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sábado, 24 de octubre de 2015

NSF: Morticulture: Forests of the living dead .- Morticulture: Bosques de los muertos vivientes

Hola amigos: A VUELO DE UN QUINDE EL BLOG., ¿Qué es más vivo: un árbol vivo o un muerto? La respuesta podría sorprenderle.
En un árbol vivo, sólo una fina capa de madera y corteza crecen y se transportan agua y nutrientes desde las raíces hasta las hojas. Un árbol muerto está llena de vida: insectos, hongos, bacterias y otros organismos. Muchos árboles caídos tienen alfombras verdes de las plantas cubiertas a través de sus superficies.
Árboles muertos tardan mucho tiempo en desaparecer, lo que permite una nueva vida a surgir dentro de ellos. El biólogo Mark Harmon, de la Universidad Estatal de Oregon (OSU), también conocido como "Doctor Muerte" por su interés científico en la mortalidad bosque, participa en un estudio de 200 años de duración para controlar la descomposición de los árboles.
Puede parecer un proyecto de ciencias de largo, pero refleja el ritmo al que se produce el cambio en los registros.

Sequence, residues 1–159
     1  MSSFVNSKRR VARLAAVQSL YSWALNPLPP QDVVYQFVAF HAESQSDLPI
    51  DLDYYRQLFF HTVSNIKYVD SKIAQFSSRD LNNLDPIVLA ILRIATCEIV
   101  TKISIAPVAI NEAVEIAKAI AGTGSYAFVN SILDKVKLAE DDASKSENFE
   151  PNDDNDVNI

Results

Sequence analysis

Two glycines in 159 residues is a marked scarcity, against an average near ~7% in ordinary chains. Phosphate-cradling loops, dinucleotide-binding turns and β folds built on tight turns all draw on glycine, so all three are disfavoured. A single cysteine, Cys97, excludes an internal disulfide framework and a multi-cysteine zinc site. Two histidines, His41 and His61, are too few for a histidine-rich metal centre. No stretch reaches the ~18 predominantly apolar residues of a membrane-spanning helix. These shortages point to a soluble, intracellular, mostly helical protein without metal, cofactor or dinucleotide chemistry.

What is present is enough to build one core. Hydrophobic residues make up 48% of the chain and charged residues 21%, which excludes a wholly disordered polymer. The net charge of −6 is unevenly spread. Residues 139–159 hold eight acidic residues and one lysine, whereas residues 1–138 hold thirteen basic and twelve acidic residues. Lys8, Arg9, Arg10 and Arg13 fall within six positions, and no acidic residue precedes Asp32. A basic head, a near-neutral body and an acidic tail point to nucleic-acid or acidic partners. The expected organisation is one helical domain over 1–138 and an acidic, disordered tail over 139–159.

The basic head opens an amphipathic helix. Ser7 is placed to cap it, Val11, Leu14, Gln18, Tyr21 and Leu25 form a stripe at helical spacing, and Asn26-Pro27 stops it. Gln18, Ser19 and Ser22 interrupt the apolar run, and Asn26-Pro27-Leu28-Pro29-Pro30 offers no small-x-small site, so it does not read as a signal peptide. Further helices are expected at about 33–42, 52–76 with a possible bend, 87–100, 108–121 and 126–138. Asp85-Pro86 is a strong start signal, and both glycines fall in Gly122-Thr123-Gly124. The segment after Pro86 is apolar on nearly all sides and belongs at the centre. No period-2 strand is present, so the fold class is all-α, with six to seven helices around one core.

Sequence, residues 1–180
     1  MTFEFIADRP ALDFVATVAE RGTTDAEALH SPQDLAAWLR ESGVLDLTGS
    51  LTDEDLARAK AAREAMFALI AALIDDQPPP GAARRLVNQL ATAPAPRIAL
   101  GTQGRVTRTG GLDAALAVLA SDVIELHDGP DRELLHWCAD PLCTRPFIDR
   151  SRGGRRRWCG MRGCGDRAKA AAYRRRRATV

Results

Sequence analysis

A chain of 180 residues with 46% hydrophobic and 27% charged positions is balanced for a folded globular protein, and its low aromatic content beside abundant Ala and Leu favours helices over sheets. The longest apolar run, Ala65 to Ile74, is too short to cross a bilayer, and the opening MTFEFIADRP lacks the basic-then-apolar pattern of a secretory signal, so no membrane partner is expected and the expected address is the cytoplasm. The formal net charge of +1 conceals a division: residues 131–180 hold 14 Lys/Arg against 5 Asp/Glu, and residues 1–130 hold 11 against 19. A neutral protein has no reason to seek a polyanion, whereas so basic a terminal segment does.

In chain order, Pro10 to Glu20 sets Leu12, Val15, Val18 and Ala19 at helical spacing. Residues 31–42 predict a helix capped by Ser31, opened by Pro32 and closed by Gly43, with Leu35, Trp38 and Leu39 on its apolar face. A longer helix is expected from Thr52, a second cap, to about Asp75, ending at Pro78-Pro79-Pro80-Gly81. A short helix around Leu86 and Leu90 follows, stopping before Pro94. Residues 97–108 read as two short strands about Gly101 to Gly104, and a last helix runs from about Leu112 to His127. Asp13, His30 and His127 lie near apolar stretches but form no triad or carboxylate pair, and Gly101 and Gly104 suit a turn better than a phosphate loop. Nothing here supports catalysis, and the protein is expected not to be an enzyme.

"La vida en el interior de un tronco en descomposición es un bosque microscópica dentro de un bosque, lleno de vida en miniatura," dice Matt Kane de la División de Biología Ambiental de la Fundación Nacional de Ciencia (NSF), que financia la investigación de Harmon través de su OPUS o Oportunidades para la Promoción Comprender a través de síntesis, el programa. "Estas formas de vida más pequeñas - insectos, hongos y bacterias - son reservas de diversidad que reciclan nuestra biosfera."
More information............
Scientists unearth importance of dead wood to forest ecosystems
dead trees in a forest
Nutrients from decomposing logs go back to the forest floor, where they feed life in soils.
Credit and Larger Versión
October 19, 2015
The following is part 19 in a series on the National Science Foundation's Long-Term Ecological Research (LTER) Network. Visit parts one, two, three, four, five, six, seven, eight, nine, 10, 11, 12,13, 14, 15, 16, 17, and 18.
Which is more alive: a live tree or a dead one? The answer might surprise you.
In a live tree, only a thin layer of wood and bark grow and transport water and nutrients from roots to leaves. A dead tree teems with life: insects, fungi, bacteria and other organisms. Many downed trees have verdant carpets of plants draped across their surfaces.